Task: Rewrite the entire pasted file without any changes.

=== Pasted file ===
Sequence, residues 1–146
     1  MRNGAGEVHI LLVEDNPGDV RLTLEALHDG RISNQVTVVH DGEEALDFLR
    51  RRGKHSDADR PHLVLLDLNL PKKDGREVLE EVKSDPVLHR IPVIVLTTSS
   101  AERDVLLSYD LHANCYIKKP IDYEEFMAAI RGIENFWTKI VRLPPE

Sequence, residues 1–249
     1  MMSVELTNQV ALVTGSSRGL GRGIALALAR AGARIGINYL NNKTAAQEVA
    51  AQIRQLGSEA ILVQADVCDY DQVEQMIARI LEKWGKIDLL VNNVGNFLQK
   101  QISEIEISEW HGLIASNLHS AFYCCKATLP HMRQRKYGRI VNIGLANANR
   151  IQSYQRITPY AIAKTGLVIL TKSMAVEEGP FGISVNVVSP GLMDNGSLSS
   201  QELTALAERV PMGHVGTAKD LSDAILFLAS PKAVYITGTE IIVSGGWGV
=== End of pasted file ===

Sequence, residues 1–146
     1  MRNGAGEVHI LLVEDNPGDV RLTLEALHDG RISNQVTVVH DGEEALDFLR
    51  RRGKHSDADR PHLVLLDLNL PKKDGREVLE EVKSDPVLHR IPVIVLTTSS
   101  AERDVLLSYD LHANCYIKKP IDYEEFMAAI RGIENFWTKI VRLPPE

Sequence, residues 1–249
     1  MMSVELTNQV ALVTGSSRGL GRGIALALAR AGARIGINYL NNKTAAQEVA
    51  AQIRQLGSEA ILVQADVCDY DQVEQMIARI LEKWGKIDLL VNNVGNFLQK
   101  QISEIEISEW HGLIASNLHS AFYCCKATLP HMRQRKYGRI VNIGLANANR
   151  IQSYQRITPY AIAKTGLVIL TKSMAVEEGP FGISVNVVSP GLMDNGSLSS
   201  QELTALAERV PMGHVGTAKD LSDAILFLAS PKAVYITGTE IIVSGGWGV